Super-resolved fluorescence microscopy, Dr. Paolo Ferriani (Uni Kiel)

23.06.2015 von 17:00 bis 18:00

Gastgeber: Prof. Heinze

For a long time optical microscopy was held back by a presumed limitation: that it would never obtain a better resolution than half the wavelength of light. This, known as Abbeʼs diffraction limit, had seemed to be an insurmountable barrier to using microscopes to see features in biological cells that are smaller than a few hundred nanometers. S. Hell, E. Betzig, and W. Moerner - Nobel Laureates in 2014 - have demonstrated that the diffraction limit can be circumvented with the help of fluorescent molecules. Their work has brought optical microscopy into the nanodimension.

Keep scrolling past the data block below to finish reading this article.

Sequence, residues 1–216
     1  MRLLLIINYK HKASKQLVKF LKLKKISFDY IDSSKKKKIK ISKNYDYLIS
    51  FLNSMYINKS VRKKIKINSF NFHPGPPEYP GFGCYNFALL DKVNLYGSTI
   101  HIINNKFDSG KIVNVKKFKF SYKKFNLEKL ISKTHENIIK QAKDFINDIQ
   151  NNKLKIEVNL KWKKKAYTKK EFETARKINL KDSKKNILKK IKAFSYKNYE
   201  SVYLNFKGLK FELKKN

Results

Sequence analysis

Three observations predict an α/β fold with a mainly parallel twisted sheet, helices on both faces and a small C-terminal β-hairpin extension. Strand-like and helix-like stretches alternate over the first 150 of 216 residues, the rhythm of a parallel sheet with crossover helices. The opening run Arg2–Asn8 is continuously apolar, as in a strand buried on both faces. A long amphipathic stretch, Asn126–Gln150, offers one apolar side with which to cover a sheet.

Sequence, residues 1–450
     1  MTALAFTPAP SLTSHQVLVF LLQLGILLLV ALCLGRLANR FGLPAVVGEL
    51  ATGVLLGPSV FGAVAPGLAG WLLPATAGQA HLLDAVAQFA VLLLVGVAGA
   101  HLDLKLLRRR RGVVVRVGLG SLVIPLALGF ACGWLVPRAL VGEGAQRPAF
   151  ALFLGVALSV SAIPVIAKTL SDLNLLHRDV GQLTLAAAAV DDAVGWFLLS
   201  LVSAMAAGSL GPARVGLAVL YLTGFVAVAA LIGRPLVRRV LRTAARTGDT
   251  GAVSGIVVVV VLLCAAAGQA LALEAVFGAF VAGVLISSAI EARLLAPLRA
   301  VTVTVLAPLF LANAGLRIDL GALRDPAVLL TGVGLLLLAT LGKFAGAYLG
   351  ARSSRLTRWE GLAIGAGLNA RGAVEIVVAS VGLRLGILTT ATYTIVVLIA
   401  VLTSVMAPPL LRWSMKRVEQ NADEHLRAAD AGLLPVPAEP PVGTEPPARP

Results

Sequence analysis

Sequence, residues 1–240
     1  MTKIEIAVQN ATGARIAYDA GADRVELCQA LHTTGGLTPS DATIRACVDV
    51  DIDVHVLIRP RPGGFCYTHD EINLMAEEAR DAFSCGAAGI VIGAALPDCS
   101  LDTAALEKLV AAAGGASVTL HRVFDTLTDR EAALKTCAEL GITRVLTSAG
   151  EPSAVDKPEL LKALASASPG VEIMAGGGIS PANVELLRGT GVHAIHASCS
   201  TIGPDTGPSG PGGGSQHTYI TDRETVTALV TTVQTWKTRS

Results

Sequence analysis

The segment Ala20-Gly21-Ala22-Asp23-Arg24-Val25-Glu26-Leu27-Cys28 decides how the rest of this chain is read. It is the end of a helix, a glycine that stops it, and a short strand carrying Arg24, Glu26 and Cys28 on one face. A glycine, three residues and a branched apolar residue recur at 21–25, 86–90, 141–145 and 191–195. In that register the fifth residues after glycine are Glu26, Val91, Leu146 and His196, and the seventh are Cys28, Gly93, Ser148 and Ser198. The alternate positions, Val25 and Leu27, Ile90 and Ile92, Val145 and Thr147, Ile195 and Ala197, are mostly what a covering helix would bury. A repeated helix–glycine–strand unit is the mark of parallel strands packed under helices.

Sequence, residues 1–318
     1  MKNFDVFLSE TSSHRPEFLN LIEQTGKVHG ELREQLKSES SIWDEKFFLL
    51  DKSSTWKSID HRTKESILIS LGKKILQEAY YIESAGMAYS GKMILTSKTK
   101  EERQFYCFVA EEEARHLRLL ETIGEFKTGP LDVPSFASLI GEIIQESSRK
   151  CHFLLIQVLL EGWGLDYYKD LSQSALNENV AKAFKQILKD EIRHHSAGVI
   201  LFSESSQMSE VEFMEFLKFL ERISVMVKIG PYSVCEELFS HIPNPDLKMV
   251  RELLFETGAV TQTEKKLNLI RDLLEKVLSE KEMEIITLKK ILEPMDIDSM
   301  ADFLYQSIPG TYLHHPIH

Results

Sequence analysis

In this lecture I will describe the working principles of the two methods of super-resolved fluorescence microscopy. First, the stimulated emission depletion microscopy, developed by S. Hell, which utilizes two laser beams - one stimulates fluorescent molecules to glow, another cancels out all fluorescence except for that in a nanometre-sized volume. Second, the single-molecule microscopy, invented by E. Betzig, and W. Moerner, which relies on the possibility to turn the fluorescence of individual molecules on and off. I will then provide examples of applications of such techniques.

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